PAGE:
Leisure-Time Physical Inactivity’s Association With Environmental, Demographic, and Lifestyle Factors in the United States

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Background: This study examined the effects of environmental, demographic, and lifestyle factors on leisure-time physical inactivity (LTPI). Methods: Analyses were based on county-level data in the contiguous United States. Statistical methods included simple regression, univariate, and multivariate 2-level organizational models (mixed models), and the intraclass correlation coefficient. Results: Higher average daily maximum air temperature was directly and indirectly (through smoking and obesity) positively associated with LTPI. Higher average fine particulate matter was positively associated with LTPI. Higher precipitation was negatively associated with LTPI. Altitude (≥1500 m) was associated with lower LTPI, directly because of better physical health at higher altitude and indirectly through temperature, fine particulate matter, precipitation, poverty, smoking, and obesity. Urban dwelling had direct and indirect (through poverty) negative associations with LTPI. Poverty had direct and indirect (through smoking and obesity) associations with LTPI. Smoking, poverty, and black race were each positively associated with LTPI. The association between black race and LTPI was explained by poverty. Modifying influences of gender, precipitation, and altitude were identified. Conclusions: The significant effects of temperature, fine particulate matter, precipitation, altitude, urban dwelling, poverty, smoking, and obesity on LTPI were both direct and indirect, and sex, precipitation, and altitude modified many of these associations.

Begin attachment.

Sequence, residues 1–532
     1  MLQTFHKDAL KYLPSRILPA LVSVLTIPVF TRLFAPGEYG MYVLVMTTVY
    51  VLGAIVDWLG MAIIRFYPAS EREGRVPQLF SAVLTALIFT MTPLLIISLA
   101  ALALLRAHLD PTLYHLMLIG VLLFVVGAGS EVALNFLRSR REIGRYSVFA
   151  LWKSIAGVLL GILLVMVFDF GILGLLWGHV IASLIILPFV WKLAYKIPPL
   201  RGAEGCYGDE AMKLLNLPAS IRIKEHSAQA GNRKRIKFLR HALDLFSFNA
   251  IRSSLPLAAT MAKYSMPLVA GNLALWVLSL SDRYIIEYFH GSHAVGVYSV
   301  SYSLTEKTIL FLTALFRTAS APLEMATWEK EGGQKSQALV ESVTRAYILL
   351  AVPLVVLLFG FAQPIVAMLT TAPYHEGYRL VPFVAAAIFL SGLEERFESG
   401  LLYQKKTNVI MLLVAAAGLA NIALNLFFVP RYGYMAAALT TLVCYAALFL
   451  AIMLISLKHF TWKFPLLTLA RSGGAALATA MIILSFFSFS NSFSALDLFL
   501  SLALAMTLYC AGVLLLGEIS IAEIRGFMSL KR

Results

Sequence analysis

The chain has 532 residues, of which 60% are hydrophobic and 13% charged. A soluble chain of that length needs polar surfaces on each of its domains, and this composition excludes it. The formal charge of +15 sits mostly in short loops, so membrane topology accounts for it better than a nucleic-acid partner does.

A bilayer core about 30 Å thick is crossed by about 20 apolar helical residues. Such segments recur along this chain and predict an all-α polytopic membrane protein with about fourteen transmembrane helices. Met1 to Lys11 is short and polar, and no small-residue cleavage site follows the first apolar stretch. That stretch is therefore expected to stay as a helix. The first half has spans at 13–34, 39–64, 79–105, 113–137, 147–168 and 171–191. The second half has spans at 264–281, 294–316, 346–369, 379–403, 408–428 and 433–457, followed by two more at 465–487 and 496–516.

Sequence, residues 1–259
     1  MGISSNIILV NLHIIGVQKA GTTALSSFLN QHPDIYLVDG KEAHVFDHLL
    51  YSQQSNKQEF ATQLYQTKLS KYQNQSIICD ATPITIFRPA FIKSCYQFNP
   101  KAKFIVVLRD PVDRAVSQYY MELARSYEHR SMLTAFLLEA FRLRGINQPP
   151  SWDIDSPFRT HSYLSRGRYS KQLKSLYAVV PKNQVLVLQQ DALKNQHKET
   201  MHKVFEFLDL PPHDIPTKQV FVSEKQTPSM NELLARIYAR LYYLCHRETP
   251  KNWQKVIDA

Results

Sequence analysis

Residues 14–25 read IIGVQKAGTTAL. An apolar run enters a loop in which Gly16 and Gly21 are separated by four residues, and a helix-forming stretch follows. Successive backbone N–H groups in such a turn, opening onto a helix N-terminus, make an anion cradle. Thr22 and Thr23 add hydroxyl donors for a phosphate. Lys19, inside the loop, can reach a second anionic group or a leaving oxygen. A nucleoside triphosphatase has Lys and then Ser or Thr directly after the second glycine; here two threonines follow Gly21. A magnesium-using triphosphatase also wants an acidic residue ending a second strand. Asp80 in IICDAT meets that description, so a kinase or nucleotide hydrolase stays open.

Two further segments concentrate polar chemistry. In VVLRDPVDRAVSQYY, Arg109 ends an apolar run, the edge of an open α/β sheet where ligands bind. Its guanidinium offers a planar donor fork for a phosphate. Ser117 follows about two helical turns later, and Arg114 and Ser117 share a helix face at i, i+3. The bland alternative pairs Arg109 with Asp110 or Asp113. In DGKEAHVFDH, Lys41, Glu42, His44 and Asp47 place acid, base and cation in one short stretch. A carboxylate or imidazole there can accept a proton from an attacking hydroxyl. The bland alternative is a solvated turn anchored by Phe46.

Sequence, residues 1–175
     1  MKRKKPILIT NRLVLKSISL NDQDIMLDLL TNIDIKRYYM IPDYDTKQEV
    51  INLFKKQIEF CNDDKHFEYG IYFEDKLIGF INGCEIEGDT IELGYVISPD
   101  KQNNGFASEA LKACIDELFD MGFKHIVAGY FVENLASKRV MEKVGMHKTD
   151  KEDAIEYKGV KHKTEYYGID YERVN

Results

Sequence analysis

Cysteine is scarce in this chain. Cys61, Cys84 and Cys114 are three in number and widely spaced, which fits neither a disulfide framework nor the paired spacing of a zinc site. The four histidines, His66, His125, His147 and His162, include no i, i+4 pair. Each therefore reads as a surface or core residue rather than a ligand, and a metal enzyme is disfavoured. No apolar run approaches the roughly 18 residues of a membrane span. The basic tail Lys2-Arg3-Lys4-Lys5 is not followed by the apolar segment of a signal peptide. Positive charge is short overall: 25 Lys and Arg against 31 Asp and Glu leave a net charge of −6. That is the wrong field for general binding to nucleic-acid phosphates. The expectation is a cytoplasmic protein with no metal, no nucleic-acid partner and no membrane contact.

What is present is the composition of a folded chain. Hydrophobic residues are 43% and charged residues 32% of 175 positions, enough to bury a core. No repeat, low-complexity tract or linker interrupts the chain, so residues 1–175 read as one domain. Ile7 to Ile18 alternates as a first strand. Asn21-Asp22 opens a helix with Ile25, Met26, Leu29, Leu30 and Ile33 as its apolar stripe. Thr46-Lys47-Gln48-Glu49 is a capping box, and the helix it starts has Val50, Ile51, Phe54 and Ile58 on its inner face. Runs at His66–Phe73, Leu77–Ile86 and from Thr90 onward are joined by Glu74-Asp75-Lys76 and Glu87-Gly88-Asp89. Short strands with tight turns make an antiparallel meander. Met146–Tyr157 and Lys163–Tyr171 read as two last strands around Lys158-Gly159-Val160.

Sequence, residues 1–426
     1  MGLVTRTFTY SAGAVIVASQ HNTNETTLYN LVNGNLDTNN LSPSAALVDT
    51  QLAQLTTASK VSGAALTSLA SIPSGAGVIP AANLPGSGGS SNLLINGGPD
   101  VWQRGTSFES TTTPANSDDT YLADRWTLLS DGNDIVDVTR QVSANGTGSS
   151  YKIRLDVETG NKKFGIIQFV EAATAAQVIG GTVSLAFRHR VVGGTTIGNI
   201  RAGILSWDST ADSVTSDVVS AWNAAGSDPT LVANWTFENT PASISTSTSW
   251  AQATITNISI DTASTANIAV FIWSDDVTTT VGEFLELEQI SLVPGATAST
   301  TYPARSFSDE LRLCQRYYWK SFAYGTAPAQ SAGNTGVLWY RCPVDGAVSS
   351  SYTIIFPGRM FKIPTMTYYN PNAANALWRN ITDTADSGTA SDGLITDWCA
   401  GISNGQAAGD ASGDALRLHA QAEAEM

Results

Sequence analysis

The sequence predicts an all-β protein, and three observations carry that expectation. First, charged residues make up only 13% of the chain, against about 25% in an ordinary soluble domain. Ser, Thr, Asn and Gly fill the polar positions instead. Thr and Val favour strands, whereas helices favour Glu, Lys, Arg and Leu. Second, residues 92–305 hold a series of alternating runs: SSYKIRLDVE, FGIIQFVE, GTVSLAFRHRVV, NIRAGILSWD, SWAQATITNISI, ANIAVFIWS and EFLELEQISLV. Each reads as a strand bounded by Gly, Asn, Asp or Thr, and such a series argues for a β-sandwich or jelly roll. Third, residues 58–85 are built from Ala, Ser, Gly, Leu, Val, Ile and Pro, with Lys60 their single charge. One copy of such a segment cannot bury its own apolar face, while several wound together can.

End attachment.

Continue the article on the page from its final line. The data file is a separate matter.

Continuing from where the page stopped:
Merrill (Ray_Merrill@byu.edu) is with the Department of Public Health, College of Life Sciences, Brigham Young University, Provo, UT.

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